Tuesday, November 24, 2009

Of blood baths and paid baths:

There are more than 13 existing telecom players in 23 circles of India where the penetration in urban areas is more than 75% and in rural areas is about 12%. India, till last year, had one of the lowest tariffs in the world. Since Tata DoCoMo launched its per-second billing, all other service providers followed suit resulting in price war causing red line on the balance-sheet of already loss making telcos. Now, India has the lowest tariffs in the world with more to follow to attract customers.

The Indian market is one of the fastest growing telecom markets with 500 millions subscribers and yet a huge untapped population base. With paucity of infrastructure, telcos are increasing the customer base with future in mind. No problem till now but it starts when increasing customer base becomes the only objective with no regard for short term profitability or even sustainability. Just 2 or 4 major players in GSM and CDMA segment, things were on a tight rope for these telcos. But with aggressive new players wanting to make an impact, existing players are feeling the heat. New entrants will lose money as they fight for share, but that is something that happens to new entrants in most businesses. The smarter new entrants will likely share infrastructure and outsource most of their operations—both trends that the first generation of Indian telcos discovered only earlier this decade.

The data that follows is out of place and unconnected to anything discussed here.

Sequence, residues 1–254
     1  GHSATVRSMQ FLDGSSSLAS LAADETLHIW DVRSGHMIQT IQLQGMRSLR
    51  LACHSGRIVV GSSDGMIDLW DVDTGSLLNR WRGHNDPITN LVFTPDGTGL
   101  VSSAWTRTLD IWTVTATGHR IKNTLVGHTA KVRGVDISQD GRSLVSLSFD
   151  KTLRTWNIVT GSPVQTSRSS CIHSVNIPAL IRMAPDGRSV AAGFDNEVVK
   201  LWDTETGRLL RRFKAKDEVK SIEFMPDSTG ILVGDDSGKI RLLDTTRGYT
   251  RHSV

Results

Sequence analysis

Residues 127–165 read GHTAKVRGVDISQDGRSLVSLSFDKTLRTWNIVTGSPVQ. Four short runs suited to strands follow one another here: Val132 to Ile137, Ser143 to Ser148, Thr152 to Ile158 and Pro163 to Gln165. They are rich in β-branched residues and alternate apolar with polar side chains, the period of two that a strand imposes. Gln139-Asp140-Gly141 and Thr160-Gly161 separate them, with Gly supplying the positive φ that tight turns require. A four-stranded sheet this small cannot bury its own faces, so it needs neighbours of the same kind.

Thus with time (may be a couple of years), “voice” service by telcos will become a “commodity”. All prices will be on similar terms, distribution will be similar, and all telcos are going to increase promotion with time. Thus new entrants and existing players will have to come up with value-additions for customer delight and ways to find customer retention with the launch of Mobile Number Portability (MNP).